It’s also likely one of the factors behind big box stores closing in Portland, including two Wal-Marts, three Targets, our only REI, and one Fred Meyer (the one that used to be at 82nd & Foster). There are probably others. When a national chain is faced with this Portland-only tax, and they have stores in the Portland region but outside of Portland city limits, as all of these stores do, they have an incentive to close the stores here, knowing that many of the customers will just drive a longer distance to their suburban locations. This is bad for low-income communities where not everyone owns a car, and those who do are negatively impacted by the cost of owning a car and driving it longer distances, and it creates food deserts since many of these are also grocery stores. And we lose all those retail jobs, which may not be the best jobs in the world, but are important for people who can’t get better jobs elsewhere.

Meanwhile, since it also applies to online sales like Amazon, it’s raking in the revenue far above what was anticipated (something like $1 billion over five years instead of $200 million), making it hard to repeal. Basically we’re now highly dependent on online sales, something that also has negative externalities, and putting physical stores out of business will just lead more people to order stuff online, leading to more large distribution centers, more trucks on the roads, etc.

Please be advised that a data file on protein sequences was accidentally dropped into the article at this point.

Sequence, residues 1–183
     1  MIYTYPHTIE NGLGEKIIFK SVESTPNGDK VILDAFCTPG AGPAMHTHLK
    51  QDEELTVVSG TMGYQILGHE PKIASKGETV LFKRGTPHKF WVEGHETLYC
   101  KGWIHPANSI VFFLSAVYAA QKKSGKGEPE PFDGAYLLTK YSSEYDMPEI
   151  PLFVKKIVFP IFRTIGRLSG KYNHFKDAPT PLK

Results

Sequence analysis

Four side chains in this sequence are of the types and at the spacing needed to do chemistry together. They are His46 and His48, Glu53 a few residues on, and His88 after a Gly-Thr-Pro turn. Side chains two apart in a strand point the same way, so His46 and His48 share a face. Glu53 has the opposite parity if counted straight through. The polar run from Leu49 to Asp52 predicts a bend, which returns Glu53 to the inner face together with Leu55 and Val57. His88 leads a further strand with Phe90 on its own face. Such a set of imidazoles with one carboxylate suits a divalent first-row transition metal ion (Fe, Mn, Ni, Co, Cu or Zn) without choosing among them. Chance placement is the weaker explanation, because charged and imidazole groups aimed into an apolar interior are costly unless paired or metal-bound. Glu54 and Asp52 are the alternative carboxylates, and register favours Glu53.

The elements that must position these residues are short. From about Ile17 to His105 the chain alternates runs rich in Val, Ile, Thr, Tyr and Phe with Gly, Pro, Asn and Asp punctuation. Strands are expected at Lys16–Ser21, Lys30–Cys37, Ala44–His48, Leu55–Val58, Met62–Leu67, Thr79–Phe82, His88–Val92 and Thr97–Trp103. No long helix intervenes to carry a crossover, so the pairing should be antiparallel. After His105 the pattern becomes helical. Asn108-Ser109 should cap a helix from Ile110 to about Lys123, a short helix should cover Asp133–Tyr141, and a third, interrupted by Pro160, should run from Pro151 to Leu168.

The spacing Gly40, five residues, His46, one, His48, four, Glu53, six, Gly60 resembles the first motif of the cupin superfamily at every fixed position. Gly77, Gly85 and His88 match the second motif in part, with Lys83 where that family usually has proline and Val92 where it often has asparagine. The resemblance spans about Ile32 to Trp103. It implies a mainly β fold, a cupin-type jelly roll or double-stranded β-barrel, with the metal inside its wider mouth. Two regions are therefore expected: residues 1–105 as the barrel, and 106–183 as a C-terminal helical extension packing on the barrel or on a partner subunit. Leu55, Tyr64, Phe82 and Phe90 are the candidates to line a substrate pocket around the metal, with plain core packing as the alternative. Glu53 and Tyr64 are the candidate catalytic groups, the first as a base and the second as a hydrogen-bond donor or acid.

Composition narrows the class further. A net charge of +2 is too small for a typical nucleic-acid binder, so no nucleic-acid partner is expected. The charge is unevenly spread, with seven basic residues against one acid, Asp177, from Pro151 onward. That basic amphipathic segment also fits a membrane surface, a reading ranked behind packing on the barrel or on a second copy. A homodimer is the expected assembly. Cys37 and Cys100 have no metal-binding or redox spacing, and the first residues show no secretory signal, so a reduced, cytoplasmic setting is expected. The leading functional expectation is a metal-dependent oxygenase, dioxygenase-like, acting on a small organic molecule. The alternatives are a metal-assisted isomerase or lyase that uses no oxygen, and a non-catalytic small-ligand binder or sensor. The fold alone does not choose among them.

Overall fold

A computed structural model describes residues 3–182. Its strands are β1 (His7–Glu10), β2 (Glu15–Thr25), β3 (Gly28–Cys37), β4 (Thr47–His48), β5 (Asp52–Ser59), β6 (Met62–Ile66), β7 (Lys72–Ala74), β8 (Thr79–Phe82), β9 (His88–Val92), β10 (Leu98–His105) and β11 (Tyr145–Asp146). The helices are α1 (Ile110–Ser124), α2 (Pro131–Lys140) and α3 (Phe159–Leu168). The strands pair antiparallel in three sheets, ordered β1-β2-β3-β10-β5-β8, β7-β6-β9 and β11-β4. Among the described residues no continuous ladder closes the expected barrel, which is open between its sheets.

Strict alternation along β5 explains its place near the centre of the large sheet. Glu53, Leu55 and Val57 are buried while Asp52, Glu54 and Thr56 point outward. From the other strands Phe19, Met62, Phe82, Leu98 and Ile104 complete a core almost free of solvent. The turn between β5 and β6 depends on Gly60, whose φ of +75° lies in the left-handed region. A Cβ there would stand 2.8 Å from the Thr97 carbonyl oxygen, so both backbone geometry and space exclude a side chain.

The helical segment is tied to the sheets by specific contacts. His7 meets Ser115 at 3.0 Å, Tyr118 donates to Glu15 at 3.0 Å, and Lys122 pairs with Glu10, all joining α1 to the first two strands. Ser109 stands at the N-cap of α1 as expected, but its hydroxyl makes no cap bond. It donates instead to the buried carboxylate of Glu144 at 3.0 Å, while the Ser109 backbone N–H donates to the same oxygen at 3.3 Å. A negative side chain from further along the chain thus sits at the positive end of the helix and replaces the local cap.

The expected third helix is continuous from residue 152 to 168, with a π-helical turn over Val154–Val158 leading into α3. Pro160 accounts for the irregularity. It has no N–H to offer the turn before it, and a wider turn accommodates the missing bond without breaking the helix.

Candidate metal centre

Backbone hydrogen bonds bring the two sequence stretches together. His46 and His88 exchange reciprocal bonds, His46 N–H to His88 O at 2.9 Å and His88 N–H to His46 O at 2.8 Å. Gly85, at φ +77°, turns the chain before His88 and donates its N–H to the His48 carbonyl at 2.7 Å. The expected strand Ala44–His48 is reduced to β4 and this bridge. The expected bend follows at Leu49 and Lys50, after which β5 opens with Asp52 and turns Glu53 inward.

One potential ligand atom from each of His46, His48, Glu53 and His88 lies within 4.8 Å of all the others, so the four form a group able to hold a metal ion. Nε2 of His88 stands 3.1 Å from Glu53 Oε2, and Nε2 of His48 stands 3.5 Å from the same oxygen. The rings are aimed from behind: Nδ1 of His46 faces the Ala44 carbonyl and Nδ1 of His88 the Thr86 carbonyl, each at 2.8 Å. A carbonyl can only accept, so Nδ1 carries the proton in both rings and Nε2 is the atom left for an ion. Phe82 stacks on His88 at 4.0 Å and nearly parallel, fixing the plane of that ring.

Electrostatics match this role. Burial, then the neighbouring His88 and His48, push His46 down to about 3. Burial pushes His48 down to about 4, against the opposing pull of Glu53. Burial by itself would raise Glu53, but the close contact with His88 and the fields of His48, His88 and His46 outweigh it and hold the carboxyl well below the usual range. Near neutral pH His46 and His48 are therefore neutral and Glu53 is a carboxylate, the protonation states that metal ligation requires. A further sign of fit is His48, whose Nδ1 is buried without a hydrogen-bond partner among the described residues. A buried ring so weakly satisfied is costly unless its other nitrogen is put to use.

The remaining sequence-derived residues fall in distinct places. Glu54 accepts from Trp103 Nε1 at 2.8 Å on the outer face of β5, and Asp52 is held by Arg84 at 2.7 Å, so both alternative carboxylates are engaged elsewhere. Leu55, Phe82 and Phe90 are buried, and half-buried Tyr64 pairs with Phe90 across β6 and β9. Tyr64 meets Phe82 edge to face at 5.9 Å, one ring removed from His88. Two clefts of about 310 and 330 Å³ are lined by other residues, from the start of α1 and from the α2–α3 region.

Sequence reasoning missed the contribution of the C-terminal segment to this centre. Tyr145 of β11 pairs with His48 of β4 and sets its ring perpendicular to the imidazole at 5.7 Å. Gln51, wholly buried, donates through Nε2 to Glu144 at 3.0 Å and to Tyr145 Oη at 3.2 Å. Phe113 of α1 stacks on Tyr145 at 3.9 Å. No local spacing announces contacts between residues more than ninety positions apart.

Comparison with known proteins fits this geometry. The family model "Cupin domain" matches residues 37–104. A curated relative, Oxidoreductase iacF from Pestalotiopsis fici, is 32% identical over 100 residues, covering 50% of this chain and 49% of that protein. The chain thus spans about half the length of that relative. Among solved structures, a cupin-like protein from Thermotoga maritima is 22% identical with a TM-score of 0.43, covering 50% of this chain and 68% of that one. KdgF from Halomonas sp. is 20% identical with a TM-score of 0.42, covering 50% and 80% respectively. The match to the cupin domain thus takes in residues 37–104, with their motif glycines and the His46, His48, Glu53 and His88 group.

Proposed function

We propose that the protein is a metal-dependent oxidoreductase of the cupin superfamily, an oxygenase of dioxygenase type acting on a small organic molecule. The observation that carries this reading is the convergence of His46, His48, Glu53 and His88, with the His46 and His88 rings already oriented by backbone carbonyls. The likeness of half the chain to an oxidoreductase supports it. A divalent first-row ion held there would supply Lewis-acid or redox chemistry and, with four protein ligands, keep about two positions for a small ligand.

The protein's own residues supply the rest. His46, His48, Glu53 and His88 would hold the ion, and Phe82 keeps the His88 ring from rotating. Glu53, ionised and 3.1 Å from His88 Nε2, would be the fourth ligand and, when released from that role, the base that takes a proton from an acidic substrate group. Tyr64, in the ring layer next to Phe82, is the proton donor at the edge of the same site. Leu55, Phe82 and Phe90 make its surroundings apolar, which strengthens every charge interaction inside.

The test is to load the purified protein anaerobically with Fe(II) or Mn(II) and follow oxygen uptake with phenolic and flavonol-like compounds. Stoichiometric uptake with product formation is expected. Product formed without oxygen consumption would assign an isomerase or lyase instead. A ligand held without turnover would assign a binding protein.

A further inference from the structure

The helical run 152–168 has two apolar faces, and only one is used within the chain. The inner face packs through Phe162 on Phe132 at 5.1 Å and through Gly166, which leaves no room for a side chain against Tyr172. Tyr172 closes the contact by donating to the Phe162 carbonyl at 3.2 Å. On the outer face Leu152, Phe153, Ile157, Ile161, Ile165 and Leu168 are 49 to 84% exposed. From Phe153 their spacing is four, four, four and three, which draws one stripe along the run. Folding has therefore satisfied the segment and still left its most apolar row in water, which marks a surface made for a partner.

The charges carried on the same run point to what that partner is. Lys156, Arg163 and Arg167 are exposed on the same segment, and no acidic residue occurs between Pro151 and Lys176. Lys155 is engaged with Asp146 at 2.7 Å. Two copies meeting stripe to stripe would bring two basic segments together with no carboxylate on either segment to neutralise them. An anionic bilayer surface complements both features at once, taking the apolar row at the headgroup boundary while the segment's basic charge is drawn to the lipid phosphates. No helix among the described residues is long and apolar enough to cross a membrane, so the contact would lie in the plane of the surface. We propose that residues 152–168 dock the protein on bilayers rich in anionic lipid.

So the PCEF tax, while well-intentioned, has had some negative effects that could have been easily anticipated and that I think voters wouldn’t have supported if they had known what was to come, and how much money it would generate. In the future, if we allow tax measures to be put on the ballot by initiative (we shouldn’t), there should either be a floating tax rate to achieve a specific revenue target, or there should be a “kicker” mechanism to return excess revenue back to those who paid it.

Chris I
Chris I
4 months ago
Reply to  Quint

I don’t think it’s the case for the Targets or the Fred Meyer, but I can almost guarantee it was for Wal Mart and REI. If you are down to just one or two retail locations in this city, there is a huge cost savings to close them down and just leave the city forever. In both cases, the companies have multiple stores that are only a few miles away, just outside the city limits. So they are still getting Portland customers without having to pay the tax.